Mix a 1/2 oz. vodka and a 1/2 oz. vanilla wine with 3 oz. of sparkling mineral water. Garnish with lemon wedge.
Mushroom, onion and spinach finger sandwiches
Slice and salt one large onion and five large field mushrooms. Sautée all in one tablespoon of butter over medium heat until wilted and browned. Spread six slices of whole wheat bread with blue cheese dressing. Spoon the cooled mushroom and onion mixture over three of the slices, then cover with raw spinach and lay the other three slices of bread over top. Trim off crusts (and reserve) then cut each sandwich into four smaller finger sandwiches.
California style sushi rolls with spinach and baby shrimp
Lay an 8″x10″ glossy magazine cover on a flat surface. Place one cup of cooked, but cooled, sticky rice on the paper. Spread the rice out until it covers a rectangular area of 4″x6″. Cover the rice in a layer of raw spinach. Roll the close edge of the paper over so that the rice and spinach folds onto itself by about 1″. Pull the edge of the paper back, then repeat until the rice and spinach form a tight roll. Peel away the paper and slice the roll into 1″ lengths. Garnish with steamed baby shrimp.
Fish soup with shrimp, broccoli and egg noodles
In a medium pot, cover fish head and bones with two cups of water. Bring to a boil, then reduce heat to simmer for 15 minutes. Then add one chopped broccoli stem, one cup cooked egg noodles and four cooked shrimp. Bring to a boil again. Drizzle with olive oil and serve immediately with steamed Chinese buns.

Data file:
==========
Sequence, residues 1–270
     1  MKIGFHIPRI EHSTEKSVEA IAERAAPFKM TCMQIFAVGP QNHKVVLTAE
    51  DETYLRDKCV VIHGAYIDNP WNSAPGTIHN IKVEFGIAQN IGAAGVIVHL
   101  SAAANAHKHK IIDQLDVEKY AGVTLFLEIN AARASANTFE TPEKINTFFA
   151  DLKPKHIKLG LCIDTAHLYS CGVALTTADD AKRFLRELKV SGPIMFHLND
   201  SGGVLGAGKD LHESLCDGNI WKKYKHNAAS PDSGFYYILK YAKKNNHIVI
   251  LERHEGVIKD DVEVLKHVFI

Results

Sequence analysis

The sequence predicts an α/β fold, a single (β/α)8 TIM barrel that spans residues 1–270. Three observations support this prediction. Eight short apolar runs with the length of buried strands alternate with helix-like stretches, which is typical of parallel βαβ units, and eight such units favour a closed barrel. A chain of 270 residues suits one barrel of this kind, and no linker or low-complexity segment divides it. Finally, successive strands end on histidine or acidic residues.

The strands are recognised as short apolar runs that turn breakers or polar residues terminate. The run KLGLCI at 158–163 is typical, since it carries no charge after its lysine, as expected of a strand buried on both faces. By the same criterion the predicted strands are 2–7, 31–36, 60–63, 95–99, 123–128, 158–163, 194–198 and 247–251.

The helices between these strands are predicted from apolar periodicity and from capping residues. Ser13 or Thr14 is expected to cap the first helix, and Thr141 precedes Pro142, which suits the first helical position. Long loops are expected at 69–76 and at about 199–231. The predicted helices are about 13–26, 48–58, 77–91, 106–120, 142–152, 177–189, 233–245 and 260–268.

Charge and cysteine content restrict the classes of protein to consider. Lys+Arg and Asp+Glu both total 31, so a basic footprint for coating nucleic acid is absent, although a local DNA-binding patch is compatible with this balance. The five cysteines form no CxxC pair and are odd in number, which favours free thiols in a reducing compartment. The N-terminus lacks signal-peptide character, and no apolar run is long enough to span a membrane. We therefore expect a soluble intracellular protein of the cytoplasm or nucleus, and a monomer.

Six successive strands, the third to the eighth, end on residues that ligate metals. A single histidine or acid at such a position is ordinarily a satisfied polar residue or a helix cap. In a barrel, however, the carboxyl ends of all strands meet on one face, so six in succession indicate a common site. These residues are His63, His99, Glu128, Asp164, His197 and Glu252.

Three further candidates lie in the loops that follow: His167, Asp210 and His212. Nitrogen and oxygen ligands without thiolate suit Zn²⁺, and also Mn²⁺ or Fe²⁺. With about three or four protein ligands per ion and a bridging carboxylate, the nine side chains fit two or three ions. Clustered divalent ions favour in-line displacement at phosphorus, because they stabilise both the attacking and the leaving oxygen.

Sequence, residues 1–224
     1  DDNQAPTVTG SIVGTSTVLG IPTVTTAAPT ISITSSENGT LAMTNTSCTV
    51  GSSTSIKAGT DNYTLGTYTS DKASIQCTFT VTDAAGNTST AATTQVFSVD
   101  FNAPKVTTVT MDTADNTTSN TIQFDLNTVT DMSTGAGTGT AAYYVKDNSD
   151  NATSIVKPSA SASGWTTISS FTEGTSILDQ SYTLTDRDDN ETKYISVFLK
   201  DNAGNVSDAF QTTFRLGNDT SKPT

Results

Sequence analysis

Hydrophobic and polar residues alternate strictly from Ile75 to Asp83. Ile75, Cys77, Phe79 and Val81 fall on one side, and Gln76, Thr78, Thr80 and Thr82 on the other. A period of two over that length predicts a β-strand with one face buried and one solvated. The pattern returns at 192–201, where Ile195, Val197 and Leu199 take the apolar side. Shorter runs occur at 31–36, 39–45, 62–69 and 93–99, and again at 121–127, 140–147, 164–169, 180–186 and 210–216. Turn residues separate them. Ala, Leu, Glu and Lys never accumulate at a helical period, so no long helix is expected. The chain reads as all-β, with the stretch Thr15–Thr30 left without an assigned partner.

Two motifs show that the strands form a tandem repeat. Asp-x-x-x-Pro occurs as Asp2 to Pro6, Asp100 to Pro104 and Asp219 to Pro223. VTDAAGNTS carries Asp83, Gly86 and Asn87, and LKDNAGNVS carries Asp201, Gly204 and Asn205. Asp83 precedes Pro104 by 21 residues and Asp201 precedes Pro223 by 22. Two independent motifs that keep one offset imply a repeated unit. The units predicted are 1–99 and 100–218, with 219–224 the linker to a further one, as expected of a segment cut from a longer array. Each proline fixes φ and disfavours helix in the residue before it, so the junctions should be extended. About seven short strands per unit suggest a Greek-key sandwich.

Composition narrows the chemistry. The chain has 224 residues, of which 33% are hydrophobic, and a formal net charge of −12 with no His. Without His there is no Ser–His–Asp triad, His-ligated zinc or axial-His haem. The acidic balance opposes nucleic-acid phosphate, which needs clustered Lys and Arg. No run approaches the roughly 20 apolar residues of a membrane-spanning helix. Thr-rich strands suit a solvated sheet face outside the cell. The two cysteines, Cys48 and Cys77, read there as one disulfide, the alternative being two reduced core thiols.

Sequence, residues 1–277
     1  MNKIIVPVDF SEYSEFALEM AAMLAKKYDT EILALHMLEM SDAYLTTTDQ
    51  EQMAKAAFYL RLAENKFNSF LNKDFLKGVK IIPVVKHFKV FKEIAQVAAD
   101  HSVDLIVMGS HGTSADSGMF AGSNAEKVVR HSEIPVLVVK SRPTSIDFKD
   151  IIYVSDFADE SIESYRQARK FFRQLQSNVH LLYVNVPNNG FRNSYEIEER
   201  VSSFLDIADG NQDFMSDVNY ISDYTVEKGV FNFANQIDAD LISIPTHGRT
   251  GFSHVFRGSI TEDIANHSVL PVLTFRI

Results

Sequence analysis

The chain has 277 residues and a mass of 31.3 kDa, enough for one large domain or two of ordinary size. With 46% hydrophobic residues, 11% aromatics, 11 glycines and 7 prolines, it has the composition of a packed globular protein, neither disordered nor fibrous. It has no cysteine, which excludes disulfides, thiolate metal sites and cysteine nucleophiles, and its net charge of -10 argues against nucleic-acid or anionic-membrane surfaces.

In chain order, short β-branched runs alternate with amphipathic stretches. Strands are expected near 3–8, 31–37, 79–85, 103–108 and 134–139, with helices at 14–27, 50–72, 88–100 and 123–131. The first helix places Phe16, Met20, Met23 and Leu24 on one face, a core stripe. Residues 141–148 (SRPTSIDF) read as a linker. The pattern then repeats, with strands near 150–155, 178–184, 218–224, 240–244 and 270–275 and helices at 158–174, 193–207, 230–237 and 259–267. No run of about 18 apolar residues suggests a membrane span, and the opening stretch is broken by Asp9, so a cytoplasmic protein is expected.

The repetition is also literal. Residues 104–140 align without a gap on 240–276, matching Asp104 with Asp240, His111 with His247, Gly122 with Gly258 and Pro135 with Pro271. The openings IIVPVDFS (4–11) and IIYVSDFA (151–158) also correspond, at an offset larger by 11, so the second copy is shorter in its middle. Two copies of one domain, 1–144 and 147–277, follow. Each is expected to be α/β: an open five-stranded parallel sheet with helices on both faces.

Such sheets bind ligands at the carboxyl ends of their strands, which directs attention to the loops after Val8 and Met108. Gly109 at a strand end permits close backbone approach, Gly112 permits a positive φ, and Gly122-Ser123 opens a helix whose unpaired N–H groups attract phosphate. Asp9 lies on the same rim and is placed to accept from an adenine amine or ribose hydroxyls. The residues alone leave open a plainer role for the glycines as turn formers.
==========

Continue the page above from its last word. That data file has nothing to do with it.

Waldorf coleslaw with cucumber, carrots, apples, cherries and blueberries in blue cheese dressing
In a medium bowl mix one cup cucumber and carrot peelings, two diced apples, one cup cherries and one cup blueberries. Toss all in PC Decadent Blue Cheese dressing. Serve on a bed of iceberg lettuce seasoned with vegan meal-replacement powder.
Pork and chicken Irish stew with green beans and boiled potatoes
Fry pork chop bones over high heat to brown. Deglaze pan with 1/3 cup of water and discard bones. Add diced pork and chicken meat. Reduce heat and allow to simmer and thicken for ten minutes. Spoon meat and gravy onto plate with steamed green beans and boiled potatoes.
Mix 1 1/2 cup each of cherries, blueberries and diced apple in a bread pan. Tear crusts from finger sandwiches above into roughly 1″ pieces, then mash crusts together with aged bananas. Spread bread and banana mixture over top of fruit and bake at 350 F for 30 minutes, or until fruit is bubbling and top is golden brown.
Needless to say, I did not eat any of this food. I probably wouldn’t be alive today had I done so. The point here is not to recommend that people should actually feed out of garbage bins, but that all of this food was, at one time, perfectly edible. The convenience of garbage collection, paired with the relative wealth of our society, leads to a wasteful attitude. A bag of Chinese steamed buns or a pint of blueberries is not less valuable just because you have money in the bank. While it is commendable that cities like Toronto have embraced recycling as a communal activity, reducing waste remains a matter of individual awareness and action.